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Can Fiscal Policy Stabilize the Economy?

Greg Hannsgen | September 10, 2014

 
[WolframCDF source=”http://multiplier-effect.org/files/2014/09/alternative-fiscal-policies.cdf” width=”397″ height=”448″ altimage=”http://multiplier-effect.org/files/2014/09/alternative-fiscal-policies.png” altimagewidth=”397″ altimageheight=”448″]
Here is a new Wolfram CDF, which I have constructed based on a macro model. The assumptions behind the model–other than the exact parameter values–are loosely stated in this list:

1) industries dominated by a handful of firms, rather than perfect competition
2) production technology that requires capital and labor inputs
3) chronic underemployment and less-than-full capacity utilization (percent of capital stock in use at a given time)
4) sovereign money and a policy-determined interest rate
5) two groups of households, only one of which has money to save
6) net investment a function of the profit and capacity utilization rates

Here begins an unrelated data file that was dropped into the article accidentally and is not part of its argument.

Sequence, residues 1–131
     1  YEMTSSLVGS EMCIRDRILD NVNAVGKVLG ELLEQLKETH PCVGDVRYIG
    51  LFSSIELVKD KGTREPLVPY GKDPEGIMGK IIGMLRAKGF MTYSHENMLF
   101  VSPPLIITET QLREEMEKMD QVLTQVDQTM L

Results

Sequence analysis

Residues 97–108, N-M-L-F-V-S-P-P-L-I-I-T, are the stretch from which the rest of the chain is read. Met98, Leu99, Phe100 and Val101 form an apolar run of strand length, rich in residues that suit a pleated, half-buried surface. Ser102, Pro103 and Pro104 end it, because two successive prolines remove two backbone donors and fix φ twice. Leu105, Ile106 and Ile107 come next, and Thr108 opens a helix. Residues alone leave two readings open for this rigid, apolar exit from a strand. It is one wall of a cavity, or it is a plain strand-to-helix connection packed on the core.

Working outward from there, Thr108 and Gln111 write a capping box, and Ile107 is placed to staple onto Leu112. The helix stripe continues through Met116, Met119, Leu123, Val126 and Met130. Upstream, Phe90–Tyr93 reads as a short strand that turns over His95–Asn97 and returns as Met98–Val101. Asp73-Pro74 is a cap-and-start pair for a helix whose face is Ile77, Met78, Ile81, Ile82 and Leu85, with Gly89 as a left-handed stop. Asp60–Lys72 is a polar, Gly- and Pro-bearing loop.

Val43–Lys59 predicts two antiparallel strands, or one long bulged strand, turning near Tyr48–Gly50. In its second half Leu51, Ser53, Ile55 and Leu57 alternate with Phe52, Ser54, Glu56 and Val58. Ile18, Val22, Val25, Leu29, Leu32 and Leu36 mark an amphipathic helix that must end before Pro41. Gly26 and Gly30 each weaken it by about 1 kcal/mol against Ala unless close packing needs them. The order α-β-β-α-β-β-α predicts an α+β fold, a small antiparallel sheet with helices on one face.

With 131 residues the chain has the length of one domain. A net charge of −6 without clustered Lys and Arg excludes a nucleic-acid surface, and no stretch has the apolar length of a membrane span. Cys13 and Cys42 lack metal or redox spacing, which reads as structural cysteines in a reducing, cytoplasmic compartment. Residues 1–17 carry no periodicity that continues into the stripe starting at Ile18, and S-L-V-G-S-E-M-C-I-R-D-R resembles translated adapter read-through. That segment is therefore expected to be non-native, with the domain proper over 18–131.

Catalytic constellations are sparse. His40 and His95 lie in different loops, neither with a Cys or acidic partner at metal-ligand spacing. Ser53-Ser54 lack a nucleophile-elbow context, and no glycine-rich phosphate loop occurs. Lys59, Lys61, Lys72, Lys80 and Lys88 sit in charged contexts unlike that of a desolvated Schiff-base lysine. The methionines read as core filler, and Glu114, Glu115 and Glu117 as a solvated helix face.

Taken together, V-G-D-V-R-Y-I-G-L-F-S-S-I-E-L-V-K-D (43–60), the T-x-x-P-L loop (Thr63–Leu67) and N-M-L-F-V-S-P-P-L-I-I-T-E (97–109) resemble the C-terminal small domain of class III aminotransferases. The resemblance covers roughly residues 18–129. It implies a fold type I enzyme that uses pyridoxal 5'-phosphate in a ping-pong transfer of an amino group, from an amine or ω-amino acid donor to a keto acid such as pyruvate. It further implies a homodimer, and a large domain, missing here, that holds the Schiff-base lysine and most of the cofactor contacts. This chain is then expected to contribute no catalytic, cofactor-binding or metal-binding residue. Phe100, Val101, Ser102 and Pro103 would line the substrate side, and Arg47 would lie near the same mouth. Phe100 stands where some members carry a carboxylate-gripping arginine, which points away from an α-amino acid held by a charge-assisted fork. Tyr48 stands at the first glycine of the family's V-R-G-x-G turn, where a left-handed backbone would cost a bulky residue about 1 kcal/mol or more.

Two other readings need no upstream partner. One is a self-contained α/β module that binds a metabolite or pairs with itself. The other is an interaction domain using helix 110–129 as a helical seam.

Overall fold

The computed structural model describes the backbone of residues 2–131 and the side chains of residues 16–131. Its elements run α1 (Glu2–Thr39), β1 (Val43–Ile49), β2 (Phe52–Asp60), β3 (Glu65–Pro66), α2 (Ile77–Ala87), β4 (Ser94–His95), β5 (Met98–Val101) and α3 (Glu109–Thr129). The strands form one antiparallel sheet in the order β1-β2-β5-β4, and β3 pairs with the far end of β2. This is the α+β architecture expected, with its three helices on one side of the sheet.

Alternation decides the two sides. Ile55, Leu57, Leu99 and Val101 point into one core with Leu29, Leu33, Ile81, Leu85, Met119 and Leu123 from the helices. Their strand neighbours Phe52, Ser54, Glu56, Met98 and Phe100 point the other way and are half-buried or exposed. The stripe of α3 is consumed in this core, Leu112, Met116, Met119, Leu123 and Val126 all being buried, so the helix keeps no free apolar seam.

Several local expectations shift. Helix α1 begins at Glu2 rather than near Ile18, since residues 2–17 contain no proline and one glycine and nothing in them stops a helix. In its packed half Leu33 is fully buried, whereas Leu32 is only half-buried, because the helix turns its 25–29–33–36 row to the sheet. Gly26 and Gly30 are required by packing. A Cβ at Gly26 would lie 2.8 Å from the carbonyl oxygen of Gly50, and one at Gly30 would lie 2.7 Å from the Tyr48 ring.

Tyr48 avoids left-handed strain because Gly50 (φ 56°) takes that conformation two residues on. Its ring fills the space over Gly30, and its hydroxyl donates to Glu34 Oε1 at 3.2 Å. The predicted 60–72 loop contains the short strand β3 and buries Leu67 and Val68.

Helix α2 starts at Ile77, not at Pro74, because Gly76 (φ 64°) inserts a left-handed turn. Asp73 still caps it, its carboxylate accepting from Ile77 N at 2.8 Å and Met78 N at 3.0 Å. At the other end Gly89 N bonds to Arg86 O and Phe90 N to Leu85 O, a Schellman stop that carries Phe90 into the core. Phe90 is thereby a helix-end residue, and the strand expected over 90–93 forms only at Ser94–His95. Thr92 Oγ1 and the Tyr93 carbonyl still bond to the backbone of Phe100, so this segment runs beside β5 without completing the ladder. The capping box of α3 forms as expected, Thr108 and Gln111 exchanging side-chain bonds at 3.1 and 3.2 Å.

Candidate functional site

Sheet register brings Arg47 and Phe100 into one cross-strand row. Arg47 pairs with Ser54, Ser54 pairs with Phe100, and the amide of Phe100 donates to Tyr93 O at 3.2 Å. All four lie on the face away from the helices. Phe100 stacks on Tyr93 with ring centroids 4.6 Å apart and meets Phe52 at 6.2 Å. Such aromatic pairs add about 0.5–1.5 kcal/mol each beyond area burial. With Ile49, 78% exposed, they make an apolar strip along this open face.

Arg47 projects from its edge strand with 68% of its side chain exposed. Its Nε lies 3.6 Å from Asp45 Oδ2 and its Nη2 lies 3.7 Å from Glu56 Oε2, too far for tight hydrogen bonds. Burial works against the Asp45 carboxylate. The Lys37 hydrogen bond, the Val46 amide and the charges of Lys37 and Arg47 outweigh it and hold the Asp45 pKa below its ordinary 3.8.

7) budget deficits offset by the issuance of treasury bills and sovereign money
8) a government that employs workers to produce free public services
9) a fiscal policy rule with (a) a balanced budget target (labeled “0” in the CDF above) or (b) public production and capacity utilization targets (labeled “1” in the CDF above)
10) nonlinear functions that result in endogenous cycles in this figure for some parameter values and policy functions (try different parameter values with policy rule “1” for example)
11) gradual adjustment of public and private-sector output toward levels indicated by one of the two fiscal policy rules and output demand, respectively.

The arrows in the CDF show directions of movement in 2D space, where the two axes represent public production (horizontal) and capacity utilization (vertical). We got a different look at the same model in this previous post. In this new CDF, I have tried to improve on the realism of the parameter values. Here is a link to the download site at Wolfram for the needed CDFPlayer software.